Kind of been looking forward to this article, ever since the reporter, Janet Morrissey, first created an account over at Two Plus Two to ask posters for opinions regarding Black Friday. After some prompting, she let 2+2ers know she wrote for the NYT and how she wanted “to put a human face on the issue by talking to long-time poker players who can talk about their experiences -- especially if they were affected by the crackdown in April.”
While Morrissey did end up sharing a couple of insights from players in her piece, the article as a whole doesn’t offer most of us anything new to consider, especially if we’ve been following the several legal debates about online poker that have been going on since well before Black Friday, as well as all of the various fallout since then, including the Full Tilt Poker craziness of the last few weeks.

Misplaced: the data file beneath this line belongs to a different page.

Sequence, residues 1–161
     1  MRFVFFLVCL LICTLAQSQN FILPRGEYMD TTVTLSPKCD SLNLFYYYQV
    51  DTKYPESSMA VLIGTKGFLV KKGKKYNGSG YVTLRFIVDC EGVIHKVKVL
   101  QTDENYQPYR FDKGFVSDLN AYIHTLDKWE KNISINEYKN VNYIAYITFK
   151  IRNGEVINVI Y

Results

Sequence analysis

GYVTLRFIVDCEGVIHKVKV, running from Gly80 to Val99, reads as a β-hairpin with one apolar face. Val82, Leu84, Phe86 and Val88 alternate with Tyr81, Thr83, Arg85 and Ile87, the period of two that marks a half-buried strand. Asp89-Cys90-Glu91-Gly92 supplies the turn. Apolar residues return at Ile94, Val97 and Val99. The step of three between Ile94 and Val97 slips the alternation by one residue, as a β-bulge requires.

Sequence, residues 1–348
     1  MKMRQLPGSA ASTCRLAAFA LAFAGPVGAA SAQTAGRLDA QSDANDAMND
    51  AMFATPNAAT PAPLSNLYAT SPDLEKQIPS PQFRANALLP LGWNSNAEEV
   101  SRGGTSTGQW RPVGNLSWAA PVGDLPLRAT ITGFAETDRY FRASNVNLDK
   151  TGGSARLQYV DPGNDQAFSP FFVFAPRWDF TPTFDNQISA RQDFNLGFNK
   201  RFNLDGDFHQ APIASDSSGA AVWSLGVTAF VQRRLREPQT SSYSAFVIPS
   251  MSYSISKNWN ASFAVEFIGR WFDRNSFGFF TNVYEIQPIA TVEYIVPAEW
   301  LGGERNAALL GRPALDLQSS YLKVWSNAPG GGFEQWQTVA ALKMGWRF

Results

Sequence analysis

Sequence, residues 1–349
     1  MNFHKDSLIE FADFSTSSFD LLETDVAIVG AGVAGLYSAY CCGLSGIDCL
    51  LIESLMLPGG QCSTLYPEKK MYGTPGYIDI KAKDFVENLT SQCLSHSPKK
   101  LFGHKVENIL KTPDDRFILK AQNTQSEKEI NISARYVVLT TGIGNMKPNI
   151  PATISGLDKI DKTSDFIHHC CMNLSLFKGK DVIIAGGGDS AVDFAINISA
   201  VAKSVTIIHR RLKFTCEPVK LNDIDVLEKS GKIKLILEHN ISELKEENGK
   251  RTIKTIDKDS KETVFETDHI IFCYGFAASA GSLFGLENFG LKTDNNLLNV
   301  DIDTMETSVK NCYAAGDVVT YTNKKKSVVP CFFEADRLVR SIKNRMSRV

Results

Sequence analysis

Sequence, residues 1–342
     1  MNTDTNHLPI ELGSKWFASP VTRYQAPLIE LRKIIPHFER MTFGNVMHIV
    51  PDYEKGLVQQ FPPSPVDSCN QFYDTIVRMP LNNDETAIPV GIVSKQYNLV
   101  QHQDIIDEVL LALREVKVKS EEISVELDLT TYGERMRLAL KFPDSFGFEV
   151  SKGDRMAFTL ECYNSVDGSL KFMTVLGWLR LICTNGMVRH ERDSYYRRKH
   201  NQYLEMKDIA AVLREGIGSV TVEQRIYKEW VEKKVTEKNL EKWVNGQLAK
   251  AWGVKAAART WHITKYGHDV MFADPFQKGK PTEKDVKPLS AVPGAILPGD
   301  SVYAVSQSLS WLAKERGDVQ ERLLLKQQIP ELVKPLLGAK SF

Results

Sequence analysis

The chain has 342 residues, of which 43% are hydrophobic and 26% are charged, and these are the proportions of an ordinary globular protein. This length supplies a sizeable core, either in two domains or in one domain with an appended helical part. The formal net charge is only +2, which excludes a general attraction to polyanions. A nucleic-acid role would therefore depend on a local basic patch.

While going over familiar ground regarding online poker’s potential as a revenue source, moral objections to its legalization (such as have been voiced by Focus on the Family and others), and the whole skill-vs.-luck argument, Morrissey’s main purpose appears to be to suggest that we may be closer to some sort of movement on the legislative front thanks to the events of the last six months.
But really the article offers nothing concrete to indicate that possibility is at all imminent. Jim Ryan, co-CEO for the Bwin/Party group is quoted saying “it’s no longer a question of if... [but] when it will be passed.” But we’ve been hearing that same line for years, haven’t we? (And really, what exactly is such a statement saying if the “when” can’t be determined with any specificity?)